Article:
Similarly, we assume that the parameters for a given food level are alike and so are assumed to be drawn from a distribution that is common to experimental populations with the same food level . Specifically, we assume thatwhere comprises unknown *global mean* parameters for food level , and denotes the unknown () covariance of genotype-specific means across genotypes.

Our prior beliefs for the initial conditions and , and the parameters , , , , and are shown in Table 1; full details of the prior distributions assigned are given in Text S1 in File S1.

#### 2.3.4 Identifiability issues.

When fitting a full hierarchical model for *θ* we found that the parameter estimates for the relative rates of reproduction *χ* and *ψ* were widely divergent from our prior beliefs. We investigated various approaches for addressing this issue, and chose the following attractively straightforward and pragmatic solution (please see Text S2 in File S1 for further discussion). In this approach, we assume that for each replicate, within each genotype, the relative rates of reproduction *χ* and *ψ* have marginally independent, as opposed to conditionally independent (given some unknown mean and variance), priors:where and are the prior means, and and are the prior variances of and , which denote the and components of the parameter vector , respectively.

### 2.4 Inference

We approximate the posterior distribution of our model using Markov chain Monte Carlo (MCMC) methods [22], using the freely available WinBUGS software [23], [24], with the system of differential equations (2)–(7) specified via the *WBDiff* interface (www.winbugs-development.org.uk). Using the posterior distribution, we can formally compare the parameters for different food levels and genotypes. We describe differences as ‘significant’ if the 95% credible interval for the difference between the relevant parameters does not include 0. For example, we examine the 95% credible intervals of the set of contrasts , between the mean parameters of the two food levels.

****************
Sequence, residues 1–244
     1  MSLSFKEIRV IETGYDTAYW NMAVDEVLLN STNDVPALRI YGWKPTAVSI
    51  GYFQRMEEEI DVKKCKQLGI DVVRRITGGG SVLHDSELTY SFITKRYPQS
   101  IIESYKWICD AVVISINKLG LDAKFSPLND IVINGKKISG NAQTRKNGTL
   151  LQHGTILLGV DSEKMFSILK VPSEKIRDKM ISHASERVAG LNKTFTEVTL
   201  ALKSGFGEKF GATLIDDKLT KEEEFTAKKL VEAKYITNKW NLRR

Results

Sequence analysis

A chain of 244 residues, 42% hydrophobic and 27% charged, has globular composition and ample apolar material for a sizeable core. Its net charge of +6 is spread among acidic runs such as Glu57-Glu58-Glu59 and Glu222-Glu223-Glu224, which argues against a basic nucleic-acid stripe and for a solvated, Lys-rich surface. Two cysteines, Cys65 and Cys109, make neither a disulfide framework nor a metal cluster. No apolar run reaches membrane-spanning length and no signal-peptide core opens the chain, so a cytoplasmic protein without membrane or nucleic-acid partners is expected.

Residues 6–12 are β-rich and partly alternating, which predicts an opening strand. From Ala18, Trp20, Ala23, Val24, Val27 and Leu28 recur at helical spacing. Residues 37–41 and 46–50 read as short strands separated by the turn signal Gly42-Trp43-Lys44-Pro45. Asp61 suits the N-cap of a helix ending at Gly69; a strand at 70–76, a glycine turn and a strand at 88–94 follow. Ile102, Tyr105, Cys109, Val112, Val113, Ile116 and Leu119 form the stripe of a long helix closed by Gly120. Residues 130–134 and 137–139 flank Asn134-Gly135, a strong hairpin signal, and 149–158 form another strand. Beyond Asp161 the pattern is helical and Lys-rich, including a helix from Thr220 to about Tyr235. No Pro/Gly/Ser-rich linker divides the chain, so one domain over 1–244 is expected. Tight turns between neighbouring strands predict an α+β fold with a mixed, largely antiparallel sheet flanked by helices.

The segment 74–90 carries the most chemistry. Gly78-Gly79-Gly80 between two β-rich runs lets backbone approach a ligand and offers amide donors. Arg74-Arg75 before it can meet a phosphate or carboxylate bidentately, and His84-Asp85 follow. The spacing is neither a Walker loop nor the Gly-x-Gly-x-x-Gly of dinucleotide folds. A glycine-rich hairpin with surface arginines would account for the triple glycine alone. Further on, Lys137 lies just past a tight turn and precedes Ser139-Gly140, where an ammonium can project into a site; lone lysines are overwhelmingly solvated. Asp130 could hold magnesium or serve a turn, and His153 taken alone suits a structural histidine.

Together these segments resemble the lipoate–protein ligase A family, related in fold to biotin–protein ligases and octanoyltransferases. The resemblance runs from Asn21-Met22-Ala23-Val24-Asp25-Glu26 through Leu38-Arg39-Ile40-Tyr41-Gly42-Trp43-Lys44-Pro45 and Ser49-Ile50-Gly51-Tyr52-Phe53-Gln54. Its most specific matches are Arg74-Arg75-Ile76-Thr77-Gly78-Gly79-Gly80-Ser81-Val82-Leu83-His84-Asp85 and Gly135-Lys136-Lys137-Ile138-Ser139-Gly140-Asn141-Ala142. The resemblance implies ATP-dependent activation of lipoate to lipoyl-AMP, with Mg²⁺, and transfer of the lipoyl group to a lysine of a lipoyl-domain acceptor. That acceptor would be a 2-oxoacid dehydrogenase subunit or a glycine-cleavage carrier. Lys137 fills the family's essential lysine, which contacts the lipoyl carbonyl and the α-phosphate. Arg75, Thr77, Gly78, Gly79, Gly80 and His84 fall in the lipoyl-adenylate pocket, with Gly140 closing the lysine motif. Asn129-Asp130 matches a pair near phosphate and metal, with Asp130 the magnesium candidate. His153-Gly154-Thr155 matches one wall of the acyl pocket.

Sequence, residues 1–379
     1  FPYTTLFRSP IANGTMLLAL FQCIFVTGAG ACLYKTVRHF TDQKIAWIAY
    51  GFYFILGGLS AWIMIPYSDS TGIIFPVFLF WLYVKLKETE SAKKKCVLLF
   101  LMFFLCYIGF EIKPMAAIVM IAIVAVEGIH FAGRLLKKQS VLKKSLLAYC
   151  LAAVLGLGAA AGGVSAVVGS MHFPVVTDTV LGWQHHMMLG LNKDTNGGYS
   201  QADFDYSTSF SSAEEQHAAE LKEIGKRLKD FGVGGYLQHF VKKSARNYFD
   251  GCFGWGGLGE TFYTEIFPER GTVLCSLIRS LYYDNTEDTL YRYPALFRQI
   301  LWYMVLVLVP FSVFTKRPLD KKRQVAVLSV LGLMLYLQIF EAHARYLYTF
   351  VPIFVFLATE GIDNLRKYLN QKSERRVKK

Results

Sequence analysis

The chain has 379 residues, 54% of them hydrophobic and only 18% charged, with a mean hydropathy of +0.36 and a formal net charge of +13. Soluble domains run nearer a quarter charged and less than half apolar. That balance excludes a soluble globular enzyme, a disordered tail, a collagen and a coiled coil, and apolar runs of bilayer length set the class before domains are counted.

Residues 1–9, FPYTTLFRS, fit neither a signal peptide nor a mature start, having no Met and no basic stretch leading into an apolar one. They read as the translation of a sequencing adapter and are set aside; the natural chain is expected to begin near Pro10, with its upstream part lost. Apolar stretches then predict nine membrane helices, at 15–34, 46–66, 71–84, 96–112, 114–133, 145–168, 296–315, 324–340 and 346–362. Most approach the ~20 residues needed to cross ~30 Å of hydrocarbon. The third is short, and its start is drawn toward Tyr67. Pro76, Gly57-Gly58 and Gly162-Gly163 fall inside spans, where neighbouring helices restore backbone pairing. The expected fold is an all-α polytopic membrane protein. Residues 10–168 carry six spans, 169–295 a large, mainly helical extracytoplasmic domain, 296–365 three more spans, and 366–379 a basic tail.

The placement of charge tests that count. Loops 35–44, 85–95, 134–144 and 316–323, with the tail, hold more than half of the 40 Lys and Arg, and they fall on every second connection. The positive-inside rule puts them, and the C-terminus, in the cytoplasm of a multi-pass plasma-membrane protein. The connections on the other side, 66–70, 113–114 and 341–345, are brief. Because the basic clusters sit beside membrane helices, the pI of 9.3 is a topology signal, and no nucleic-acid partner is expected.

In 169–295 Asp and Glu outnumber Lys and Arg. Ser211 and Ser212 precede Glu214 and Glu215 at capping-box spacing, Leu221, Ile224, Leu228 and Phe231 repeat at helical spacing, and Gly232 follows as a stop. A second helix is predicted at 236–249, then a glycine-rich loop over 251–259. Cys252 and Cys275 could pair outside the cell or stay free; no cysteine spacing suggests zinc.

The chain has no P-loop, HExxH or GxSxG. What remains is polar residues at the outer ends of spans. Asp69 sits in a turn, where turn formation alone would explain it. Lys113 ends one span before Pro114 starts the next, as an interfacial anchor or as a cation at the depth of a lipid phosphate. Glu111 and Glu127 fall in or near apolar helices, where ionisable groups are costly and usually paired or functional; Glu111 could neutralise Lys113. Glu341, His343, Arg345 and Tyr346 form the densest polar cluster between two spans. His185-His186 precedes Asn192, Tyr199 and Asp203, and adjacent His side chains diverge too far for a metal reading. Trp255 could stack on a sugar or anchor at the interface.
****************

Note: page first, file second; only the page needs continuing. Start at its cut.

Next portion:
## Results

### 3.1 Experimental populations

The observed dynamics were highly variable between populations (Figure 2A). Broadly speaking, every population appeared to exhibit logistic growth, although some tailed down over the final week or so. Across all combinations of paramecium clones and inoculum treatments, populations in low food reached lower densities than their counterparts in high food level (two to four fold differences). In addition the data suggest a slight negative effect of infection in clones K8 and K9 only (Figure 2A).

(a) Time series of the number of paramecia in each of the 12 populations of each clone, classified by inoculum and food level treatments; note the logarithmic scale. (b) Time series of the mean proportions of paramecia in each of the three stages of infection (green: S, amber: C, brown: I) across all populations.

The dynamics of infection appear to follow three main stages (Figure 2B): initially infected paramecia contain only reproductive forms, until the appearance of infectious forms around day 7 or 10; then a second, transient wave of reproductive forms (carriers) appear around day 13–17; eventually the non-susceptible population is dominated by infectious forms for the last 10–14 days. These patterns appeared to be consistent with two waves of infection, one caused by the initial inoculum and a subsequent one caused by the release of infectious forms by the first cohort of infected paramecia.

### 3.2 Model selection

Our first objective was to compare a set of alternative model structures based on their goodness of fit to the dynamics of each experimental population and their ability to reproduce qualitatively the main features highlighted above. More specifically, we sought to clarify two aspects of the host-pathogen dynamics: first, whether the force of infection is best described by mass action or by a saturable function; second, whether separate variables for inoculum and newly-produced infectious bacteria helps to reproduce the two waves of infection (see section 2.2). We thus compared six different models, obtained by combining each of the three alternative forms for the force of infection *ω* (mass-action, *G*-saturating or *N*-saturating) with either the one-wave or two-wave modelling framework.